Pollution Alters DNA in Mice, Study Finds
May 18, 2004
By THE ASSOCIATED PRESS
WASHINGTON - Breathing soot from factories or highways may
cause genetic damage that can be passed to offspring,
scientists have found in an experiment on mice.
It is unclear whether the pollution-damaged DNA harms
health. But the discovery comes as scientists already are
calling for more research into the dangers of particulates,
microscopic soot particles linked to asthma, heart disease
and other health problems.
"At the moment, we are grappling with the fact that even
though the air is visibly cleaner, we're still finding
adverse health effects," said Dr. Jonathan Samet of Johns
Hopkins University, who led a recent National Academy of
Sciences study of the issue. "The new work now adds another
area of potential concern."
Until 2002, there was little evidence that any air
pollutant might cause genetic damage that can be inherited.
That year, Canadian scientists placed mice downwind from
steel mills and tested their offspring. The males passed on
twice as many DNA mutations as did mice living in the
cleaner countryside. Those same researchers, who are from
McMaster University in Ontario, reported in the journal
Science last week that the cause of the mutations was
airborne particulate matter, or soot. It is emitted from
factories, power plants and diesel-powered vehicles.
In the latest experiments, the scientists housed two groups
of mice near the steel mills for 10 weeks. One group
breathed outside air; the other was housed in a chamber
equipped with high-efficiency air filters to catch
Then, the mice were bred and scientists checked their
offspring for specific DNA mutations that are passed
through the father's sperm. The mice breathing filtered air
had mutation rates 52 percent lower than those exposed to
full-strength pollution, the scientists found.
The mutations measured are not linked to disease, but they
are similar to a type of DNA damage that is. Dr. James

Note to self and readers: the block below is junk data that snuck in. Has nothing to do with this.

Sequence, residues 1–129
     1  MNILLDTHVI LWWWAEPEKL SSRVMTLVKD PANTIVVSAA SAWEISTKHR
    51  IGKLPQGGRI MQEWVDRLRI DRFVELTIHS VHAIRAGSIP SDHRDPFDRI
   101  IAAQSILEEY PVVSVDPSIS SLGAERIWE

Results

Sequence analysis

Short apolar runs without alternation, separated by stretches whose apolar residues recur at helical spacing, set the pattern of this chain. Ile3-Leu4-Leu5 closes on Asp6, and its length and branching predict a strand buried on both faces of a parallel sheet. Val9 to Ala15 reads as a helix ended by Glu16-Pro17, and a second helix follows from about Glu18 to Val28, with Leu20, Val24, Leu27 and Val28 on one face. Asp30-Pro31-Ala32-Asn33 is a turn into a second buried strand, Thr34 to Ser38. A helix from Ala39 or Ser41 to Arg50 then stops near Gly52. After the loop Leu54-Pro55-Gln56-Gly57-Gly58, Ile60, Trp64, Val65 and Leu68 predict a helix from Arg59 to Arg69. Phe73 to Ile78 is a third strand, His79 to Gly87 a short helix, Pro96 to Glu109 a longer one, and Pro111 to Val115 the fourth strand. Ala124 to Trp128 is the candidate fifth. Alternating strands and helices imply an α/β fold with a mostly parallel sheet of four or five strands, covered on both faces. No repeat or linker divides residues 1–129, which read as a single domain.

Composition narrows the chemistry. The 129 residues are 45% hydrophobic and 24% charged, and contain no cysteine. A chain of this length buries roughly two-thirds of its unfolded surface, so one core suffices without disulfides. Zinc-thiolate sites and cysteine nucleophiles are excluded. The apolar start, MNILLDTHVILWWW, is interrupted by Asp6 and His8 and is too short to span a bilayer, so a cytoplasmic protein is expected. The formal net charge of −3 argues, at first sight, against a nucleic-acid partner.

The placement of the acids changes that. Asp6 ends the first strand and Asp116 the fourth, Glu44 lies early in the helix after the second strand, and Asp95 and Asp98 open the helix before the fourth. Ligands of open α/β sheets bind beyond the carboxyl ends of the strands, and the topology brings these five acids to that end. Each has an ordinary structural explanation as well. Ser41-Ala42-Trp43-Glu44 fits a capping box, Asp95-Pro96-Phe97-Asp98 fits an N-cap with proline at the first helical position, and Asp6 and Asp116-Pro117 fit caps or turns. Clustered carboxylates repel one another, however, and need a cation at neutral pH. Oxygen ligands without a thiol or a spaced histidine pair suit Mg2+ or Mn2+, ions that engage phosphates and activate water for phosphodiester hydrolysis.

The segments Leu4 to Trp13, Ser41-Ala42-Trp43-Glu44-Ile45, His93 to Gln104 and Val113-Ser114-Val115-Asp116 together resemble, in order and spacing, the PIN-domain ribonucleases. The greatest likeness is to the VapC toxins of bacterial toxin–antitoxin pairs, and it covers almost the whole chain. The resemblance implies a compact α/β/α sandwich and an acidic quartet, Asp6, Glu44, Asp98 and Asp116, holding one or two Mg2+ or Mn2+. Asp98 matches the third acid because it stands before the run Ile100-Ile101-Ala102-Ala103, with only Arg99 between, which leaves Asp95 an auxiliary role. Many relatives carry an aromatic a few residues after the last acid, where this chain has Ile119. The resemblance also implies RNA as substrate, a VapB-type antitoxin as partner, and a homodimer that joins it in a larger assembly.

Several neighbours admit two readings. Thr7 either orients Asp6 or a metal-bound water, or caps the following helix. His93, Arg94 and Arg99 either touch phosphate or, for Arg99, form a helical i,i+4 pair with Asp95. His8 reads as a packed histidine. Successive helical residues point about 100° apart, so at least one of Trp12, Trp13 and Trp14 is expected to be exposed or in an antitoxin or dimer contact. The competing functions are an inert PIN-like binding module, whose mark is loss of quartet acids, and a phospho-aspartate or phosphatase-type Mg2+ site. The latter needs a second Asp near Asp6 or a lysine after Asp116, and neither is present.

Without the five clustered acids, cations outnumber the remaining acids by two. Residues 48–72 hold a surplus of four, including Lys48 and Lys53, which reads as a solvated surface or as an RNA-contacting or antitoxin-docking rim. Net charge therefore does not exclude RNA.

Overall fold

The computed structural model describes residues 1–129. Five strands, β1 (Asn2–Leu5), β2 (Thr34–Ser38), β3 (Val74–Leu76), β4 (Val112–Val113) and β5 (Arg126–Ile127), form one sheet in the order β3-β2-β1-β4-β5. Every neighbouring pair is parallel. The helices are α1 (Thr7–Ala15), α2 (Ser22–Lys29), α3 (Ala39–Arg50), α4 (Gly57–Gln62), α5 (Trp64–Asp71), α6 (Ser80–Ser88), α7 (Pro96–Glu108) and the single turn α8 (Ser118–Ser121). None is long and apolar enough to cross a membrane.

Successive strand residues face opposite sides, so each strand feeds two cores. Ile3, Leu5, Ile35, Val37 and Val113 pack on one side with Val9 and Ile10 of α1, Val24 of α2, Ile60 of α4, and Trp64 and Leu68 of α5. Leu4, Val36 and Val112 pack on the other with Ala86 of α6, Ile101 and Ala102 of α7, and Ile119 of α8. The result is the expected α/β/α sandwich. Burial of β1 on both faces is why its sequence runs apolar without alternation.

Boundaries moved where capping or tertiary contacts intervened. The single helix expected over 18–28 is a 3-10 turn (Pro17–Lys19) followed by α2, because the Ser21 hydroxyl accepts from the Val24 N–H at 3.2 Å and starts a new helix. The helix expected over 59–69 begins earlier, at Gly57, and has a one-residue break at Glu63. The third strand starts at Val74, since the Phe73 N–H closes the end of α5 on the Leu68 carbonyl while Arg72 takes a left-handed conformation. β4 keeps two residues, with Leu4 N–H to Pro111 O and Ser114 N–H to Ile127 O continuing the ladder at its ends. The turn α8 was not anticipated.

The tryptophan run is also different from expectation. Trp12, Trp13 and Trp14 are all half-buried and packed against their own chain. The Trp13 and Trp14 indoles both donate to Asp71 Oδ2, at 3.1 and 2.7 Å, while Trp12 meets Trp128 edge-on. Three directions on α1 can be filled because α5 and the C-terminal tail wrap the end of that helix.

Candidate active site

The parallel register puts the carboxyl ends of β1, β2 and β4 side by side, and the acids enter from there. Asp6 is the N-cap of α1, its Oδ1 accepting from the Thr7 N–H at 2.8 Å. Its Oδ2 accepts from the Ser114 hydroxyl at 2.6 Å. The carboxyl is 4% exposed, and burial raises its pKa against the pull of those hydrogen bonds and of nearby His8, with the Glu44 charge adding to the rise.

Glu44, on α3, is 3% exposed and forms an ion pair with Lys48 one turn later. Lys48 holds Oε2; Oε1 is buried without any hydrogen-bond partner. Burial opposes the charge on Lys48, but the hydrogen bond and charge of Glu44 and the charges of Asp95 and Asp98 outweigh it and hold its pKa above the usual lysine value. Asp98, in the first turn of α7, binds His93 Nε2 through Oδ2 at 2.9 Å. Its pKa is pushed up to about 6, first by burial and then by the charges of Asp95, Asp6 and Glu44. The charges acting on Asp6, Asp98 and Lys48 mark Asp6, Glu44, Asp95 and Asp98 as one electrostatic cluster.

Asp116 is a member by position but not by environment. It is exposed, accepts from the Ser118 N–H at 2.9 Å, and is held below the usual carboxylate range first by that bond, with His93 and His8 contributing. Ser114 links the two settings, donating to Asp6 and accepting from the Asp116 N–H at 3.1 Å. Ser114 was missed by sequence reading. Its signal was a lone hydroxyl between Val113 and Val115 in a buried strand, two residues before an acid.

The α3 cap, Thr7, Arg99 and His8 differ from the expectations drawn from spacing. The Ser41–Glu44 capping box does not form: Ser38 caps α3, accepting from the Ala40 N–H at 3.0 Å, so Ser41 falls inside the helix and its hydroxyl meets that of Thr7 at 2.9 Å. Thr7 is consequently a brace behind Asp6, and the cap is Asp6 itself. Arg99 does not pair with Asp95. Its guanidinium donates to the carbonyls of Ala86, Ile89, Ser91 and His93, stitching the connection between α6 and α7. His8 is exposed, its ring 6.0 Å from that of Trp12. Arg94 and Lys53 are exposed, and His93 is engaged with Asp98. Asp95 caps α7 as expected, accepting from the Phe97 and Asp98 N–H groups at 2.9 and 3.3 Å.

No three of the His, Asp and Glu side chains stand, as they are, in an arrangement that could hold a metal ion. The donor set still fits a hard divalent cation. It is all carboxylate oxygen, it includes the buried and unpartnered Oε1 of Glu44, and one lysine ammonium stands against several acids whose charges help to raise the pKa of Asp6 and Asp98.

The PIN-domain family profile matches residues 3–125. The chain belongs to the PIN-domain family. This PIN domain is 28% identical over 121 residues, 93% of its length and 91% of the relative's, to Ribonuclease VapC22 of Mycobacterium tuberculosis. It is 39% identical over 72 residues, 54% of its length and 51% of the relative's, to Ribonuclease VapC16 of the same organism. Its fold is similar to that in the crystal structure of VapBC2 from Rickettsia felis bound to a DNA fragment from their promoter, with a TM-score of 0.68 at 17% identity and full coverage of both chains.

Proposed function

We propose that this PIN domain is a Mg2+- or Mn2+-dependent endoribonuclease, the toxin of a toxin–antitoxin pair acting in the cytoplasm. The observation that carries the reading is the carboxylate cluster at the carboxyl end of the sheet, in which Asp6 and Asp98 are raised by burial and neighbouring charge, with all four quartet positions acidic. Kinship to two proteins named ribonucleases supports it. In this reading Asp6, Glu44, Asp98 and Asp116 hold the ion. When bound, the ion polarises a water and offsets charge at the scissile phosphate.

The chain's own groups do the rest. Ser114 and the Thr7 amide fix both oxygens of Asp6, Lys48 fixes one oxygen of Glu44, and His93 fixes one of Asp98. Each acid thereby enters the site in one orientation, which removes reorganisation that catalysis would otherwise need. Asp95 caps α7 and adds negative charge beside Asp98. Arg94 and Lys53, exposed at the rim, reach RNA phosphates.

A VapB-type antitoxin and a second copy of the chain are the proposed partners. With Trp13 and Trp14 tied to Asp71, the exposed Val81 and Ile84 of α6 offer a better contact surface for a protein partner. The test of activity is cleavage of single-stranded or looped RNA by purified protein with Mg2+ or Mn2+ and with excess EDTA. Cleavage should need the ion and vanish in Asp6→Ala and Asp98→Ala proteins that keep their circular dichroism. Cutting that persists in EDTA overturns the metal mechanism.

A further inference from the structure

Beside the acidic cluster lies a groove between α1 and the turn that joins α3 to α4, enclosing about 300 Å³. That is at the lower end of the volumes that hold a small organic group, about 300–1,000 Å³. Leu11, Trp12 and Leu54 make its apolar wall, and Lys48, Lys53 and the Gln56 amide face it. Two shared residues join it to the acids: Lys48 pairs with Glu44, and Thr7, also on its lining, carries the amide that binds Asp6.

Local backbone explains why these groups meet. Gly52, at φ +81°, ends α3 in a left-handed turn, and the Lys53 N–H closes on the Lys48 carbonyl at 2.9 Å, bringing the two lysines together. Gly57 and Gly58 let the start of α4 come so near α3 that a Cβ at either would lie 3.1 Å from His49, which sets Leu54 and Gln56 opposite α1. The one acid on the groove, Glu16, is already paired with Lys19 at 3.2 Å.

Quinn, a McMaster biologist and the report's lead author,
said more research was needed to determine whether these
changes were a marker for potential health problems and
whether the mutations could be inherited, too.
Dr. Quinn said the study's practical value might lie in
what it showed about the effectiveness of air filtration.
Because particulates adhere to tree leaves just as they do
to filters, he said, the study may have implications for
policy-makers who must decide on road-building and
The Environmental Protection Agency already has ordered
tougher limits on ultrafine particulate pollution because
of concern about how it affects the elderly, children and
people with respiratory illnesses. In December, the agency
plans to announce which parts of the country are not in
compliance with these rules.
Dr. Quinn said he did not know whether the particulates
themselves or toxic chemicals that attach to them damaged
the sperm. But one suspect is a group of
particulate-clinging chemicals, polycyclic aromatic
hydrocarbons, or P.A.H.'s, some of which are known to be
cancer-causing. Air samples showed daily P.A.H. exposure
near the steel mills was 33 times as high as in the
countryside. But HEPA filtering of the urban air blocked
most of those chemicals, the study concluded.